Many times we have been contacted by clients and potential clients inquiring about our firm performing an audit for them, and more importantly, what will it cost? Some of the first questions we ask are “who is asking for it” and “do you think you really need an audit”?
The answer depends on who will be using the financial statements and the needs of the creditors, investors or agencies. The major difference in the three types of financial statements is the assurance level. In all three levels, the reporting entity is primarily responsible for the financial statements.
The most basic level of service with respect to financial statements is the compiled financial statements. The CPA makes certain that the data received from the client are in the correct format and free of clerical errors. A report on the compiled financial statements is issued that states no assurance is expressed as to whether changes are necessary to be in conformity with generally accepted accounting principles.
The next level is the reviewed financial statements. In addition to evaluation of the format presentation of the data, the CPA is required to make inquiries of management, apply analytical procedures and obtain representations from management. The additional requirements allow the CPA to express limited assurance that he is not aware of any material modifications that should be made to the financial statements to be in conformity with generally accepted accounting principles.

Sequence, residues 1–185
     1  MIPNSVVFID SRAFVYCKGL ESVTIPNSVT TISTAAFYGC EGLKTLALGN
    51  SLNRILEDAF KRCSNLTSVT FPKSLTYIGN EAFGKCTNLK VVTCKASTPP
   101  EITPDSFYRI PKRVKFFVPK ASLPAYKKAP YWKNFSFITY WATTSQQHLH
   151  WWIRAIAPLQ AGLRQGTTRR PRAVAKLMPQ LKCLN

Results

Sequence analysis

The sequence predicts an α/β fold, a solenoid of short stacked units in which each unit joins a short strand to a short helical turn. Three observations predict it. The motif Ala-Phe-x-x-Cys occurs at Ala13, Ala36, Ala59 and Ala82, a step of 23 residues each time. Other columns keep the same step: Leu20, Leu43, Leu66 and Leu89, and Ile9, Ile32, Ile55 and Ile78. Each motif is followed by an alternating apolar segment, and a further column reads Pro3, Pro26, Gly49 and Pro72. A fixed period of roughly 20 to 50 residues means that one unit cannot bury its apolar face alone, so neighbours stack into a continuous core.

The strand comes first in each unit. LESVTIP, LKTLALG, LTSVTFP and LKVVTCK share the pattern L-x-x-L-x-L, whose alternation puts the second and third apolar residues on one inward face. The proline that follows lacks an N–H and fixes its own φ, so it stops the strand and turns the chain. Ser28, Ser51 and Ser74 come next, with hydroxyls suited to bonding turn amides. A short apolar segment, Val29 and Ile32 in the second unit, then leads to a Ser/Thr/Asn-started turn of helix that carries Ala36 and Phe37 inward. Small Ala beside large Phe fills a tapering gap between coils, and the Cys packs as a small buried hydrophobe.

The highest level of assurance is expressed on audited financial statements. Procedures in an audit include confirmation with outside parties, observation of inventories, and testing of selected transactions by examining supporting documents. Even though an audit is the CPA’s highest level of assurance that financial statements are free from material errors and fraud, it does not provide a guarantee of absolute assurance.
The costs involved for preparation of financial statement increases as the expression of assurance level on them increases. Governmental agencies may require from a small entity, say under $100,000 net worth, reviewed financial statements to apply for certain licenses. The cost for such a financial statement seems disproportionate as to the value of the entity. Make sure you know which one of the financial statements you really need because the cost difference can be astounding.